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Townsend Security Data Privacy Blog

HIPAA, HITECH Act, & Encryption Key Management Part 2

Posted by Luke Probasco on Oct 20, 2011 8:08:00 AM

In part one of "HIPAA, HITECH Act, & Encryption Key Management" I sat down with Patrick Townsend, Founder & CTO, to discuss discuss the increased focus on HIPAA and the HITECH Act and the different types of encryption an organization could use to satisfy these requirements.  In part two, Patrick speaks on the benefits of encryption to organization in the health care industry, what the Department of Health and Human Services has to say, and finally how Townsend Security can help meet HIPAA and HITECH requirements for encryption and encryption key management.  Here is the second part of our conversation:

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Besides protecting patient information, does encryption provide any other benefits to the medical provider?

Yes, there is one particularly big benefit to anybody who is a covered entity, and that has to do with breach notification.  There is a breach notification requirement for anybody who loses patient data or thinks that patient data has been stolen from their system.  If you read the rules, there is no place where it says you must encrypt patient data – BUT- there is a section that says, if you have a breach, and if you have encrypted your data properly, there is a safe harbor from breach notification.  In other words, you don’t have to go through the expensive process of remediating the breach.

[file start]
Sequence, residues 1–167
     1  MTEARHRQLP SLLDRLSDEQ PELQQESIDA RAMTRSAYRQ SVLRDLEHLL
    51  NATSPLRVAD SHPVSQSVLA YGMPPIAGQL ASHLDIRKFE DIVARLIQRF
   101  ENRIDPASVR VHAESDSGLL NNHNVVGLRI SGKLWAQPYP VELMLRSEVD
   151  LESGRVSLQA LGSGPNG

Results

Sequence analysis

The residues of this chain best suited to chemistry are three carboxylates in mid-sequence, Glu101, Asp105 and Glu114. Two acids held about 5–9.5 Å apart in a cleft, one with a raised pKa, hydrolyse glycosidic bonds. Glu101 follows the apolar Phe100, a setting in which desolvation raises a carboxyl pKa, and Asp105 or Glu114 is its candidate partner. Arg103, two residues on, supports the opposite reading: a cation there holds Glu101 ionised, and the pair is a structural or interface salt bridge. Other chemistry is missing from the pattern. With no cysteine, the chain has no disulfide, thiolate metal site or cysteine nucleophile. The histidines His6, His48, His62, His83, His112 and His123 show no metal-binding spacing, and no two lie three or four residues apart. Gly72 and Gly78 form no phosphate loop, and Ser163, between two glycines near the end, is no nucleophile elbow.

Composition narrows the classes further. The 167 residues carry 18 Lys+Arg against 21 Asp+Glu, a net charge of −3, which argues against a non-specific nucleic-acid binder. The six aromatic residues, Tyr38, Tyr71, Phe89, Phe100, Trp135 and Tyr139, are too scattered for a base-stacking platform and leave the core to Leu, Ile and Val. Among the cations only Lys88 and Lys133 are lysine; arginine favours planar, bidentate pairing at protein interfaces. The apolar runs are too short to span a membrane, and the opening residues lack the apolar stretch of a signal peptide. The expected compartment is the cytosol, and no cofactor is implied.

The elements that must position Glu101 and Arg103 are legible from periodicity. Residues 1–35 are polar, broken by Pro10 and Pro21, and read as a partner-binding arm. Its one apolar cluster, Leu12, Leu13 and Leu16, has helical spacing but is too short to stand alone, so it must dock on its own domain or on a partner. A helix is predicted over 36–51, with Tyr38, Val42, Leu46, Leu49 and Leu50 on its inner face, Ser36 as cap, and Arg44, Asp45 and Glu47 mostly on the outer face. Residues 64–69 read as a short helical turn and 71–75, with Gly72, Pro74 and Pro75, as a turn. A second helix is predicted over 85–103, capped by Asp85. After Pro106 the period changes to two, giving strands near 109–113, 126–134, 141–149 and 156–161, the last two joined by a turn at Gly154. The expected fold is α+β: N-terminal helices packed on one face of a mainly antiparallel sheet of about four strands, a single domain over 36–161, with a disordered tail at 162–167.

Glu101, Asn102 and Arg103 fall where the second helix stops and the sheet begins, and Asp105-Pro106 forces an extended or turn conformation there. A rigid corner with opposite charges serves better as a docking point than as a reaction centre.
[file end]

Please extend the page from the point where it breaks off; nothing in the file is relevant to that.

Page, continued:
So, there is a very, very positive practical benefit to any covered entity from using encryption, which is, if you have a breach, then that encryption will give you a safe harbor, or a way out from some of the more painful parts of breach notification.  Under breach notification, that information becomes public.  There can be fines levied around the loss of data.  Additionally, you must provide assistance to the patients whose information has been breached, which can be quite expensive.  In the credit card world, we know that the typical cost of remediating a breach is $214 per record, and now the average cost to an organization for having a breach is around $7 million.  So, the use of encryption and proper key management does have a very practical benefit to the covered entity itself in helping them avoid the more difficult and expensive costs of a breach notification.

What does the Department of Health and Human Services have to say about encryption key management?

Again, reading the rules, you will find references to NIST standards and best practices around key management.  It takes a lot of drilling down into the NIST best practices documents to really understand key management, but the information is there.  If I could boil it down to one really important concept, it is that managing encryption keys is the most important part of your strategy.  Protecting the keys is really what you do to protect the data.  So, implementing good key management is a core principle.  If you read the NIST standards, they talk about separation of duties, dual control, and split knowledge.  These are all concepts that have very real world implementations.